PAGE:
Introduction and Background

The introduction section of an article is aimed at identifying the research problem, to determine the magnitude of the problem in the society and to provide the rationale behind carrying out the study, as suggested by Parahoo (2006). In this article, the authors begin by introducing the problem and then present the conflicting views that prevail in the community regarding this problem. They then describe the purpose of the study which was to dispel the confusion which commonly exists regarding the effectiveness of group therapy and hence identify the potential role of nurses in facilitating the community group therapy program.

Although the introduction adequately identifies the problems and describes the purpose that the study is intended to serve, it has certain limitations. For example, it does not throw light on the magnitude of the problem in the society i.e. how many individuals are currently involved in such programs in the society, how many similar programs have been conducted in the past and what percentage of individuals did or did not attain any benefit from such a program.

Literature Review

As suggested by Parahoo (2006), the literature review provided in an article provides an in-depth view of the research done on the topic. It should be based on an extensive review of literature and discuss all aspects of the topic in question. This article provides an adequate theoretical background on the different psychological perspectives of group theory. Most pertinent amongst these were the works of Bion (1961), discussed by Foster and Roberts (1998) in their book “Managing Mental Health in the Community: Chaos and Containment”, which resulted in the postulation of the ‘basic cultures’ and ‘group theories.’ Another important concept is that of ‘group matrix’ as proposed by Foulkes (1975) as highlighted in the book ‘What Works for Whom? A Critical Review of Psychotherapy Research’, by Roth and Fonagi (1998). The article then identifies the issues that arise in community groups and summarizes the purposes identified by various studies that such groups serves. The authors subsequently discuss studies conducted in the past to evaluate the effectiveness of community group such as those conducted by Maratos & Kennedy (1974), Carson & Sharma (1994) and Hafner & Holme (1996), and their pertinent findings.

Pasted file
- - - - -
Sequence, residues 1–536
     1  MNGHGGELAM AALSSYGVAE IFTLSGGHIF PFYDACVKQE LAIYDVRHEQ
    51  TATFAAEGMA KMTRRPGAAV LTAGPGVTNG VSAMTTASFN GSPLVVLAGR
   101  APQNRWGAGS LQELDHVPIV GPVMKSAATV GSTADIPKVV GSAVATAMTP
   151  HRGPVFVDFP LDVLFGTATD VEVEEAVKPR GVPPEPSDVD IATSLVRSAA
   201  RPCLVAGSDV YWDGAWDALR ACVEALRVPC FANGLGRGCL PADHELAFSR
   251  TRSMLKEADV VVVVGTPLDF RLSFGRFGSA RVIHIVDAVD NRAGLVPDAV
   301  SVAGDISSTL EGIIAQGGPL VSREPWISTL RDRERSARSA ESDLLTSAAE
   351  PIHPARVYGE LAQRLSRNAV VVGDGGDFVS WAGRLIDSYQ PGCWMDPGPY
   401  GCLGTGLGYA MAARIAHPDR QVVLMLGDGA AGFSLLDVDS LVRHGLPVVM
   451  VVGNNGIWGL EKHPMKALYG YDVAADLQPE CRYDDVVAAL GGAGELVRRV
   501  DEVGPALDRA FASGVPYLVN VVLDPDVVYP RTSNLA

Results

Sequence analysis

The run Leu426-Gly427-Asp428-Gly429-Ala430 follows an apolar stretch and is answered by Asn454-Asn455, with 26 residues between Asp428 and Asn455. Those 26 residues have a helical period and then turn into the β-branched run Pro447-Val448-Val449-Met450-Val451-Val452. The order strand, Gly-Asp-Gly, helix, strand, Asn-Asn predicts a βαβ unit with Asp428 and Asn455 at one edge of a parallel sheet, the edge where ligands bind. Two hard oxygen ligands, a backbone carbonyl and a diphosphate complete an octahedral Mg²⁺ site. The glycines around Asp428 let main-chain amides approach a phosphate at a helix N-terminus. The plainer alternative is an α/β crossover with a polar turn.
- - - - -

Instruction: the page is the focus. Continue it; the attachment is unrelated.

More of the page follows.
Moreover, the literature review also identifies the strengths and weaknesses of the studies carried out previously and the gaps in the research literature that exist, viz. conclusive results on the effectiveness of community group program, the patients’ perspective on being involved in such a program and the potential role that nurses can play in the implementation and improvement of the existing program. Thus, in conclusion, the literature review is adequately performed and suffiently describes the research conducted on the topic.